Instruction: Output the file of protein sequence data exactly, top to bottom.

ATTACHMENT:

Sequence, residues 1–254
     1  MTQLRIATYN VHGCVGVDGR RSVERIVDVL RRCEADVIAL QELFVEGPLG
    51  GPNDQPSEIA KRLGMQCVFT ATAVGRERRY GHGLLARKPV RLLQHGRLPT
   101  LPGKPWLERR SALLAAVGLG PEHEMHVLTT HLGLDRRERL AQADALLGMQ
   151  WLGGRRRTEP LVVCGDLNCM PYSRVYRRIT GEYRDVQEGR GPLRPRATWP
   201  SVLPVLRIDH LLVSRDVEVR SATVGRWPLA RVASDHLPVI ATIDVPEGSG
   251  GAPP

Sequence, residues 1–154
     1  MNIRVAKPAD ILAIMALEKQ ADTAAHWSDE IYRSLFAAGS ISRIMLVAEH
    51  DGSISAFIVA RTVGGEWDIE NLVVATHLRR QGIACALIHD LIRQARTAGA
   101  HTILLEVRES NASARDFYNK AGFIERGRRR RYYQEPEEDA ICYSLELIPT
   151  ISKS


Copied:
Sequence, residues 1–254
     1  MTQLRIATYN VHGCVGVDGR RSVERIVDVL RRCEADVIAL QELFVEGPLG
    51  GPNDQPSEIA KRLGMQCVFT ATAVGRERRY GHGLLARKPV RLLQHGRLPT
   101  LPGKPWLERR SALLAAVGLG PEHEMHVLTT HLGLDRRERL AQADALLGMQ
   151  WLGGRRRTEP LVVCGDLNCM PYSRVYRRIT GEYRDVQEGR GPLRPRATWP
   201  SVLPVLRIDH LLVSRDVEVR SATVGRWPLA RVASDHLPVI ATIDVPEGSG
   251  GAPP

Sequence, residues 1–154
     1  MNIRVAKPAD ILAIMALEKQ ADTAAHWSDE IYRSLFAAGS ISRIMLVAEH
    51  DGSISAFIVA RTVGGEWDIE NLVVATHLRR QGIACALIHD LIRQARTAGA
   101  HTILLEVRES NASARDFYNK AGFIERGRRR RYYQEPEEDA ICYSLELIPT
   151  ISKS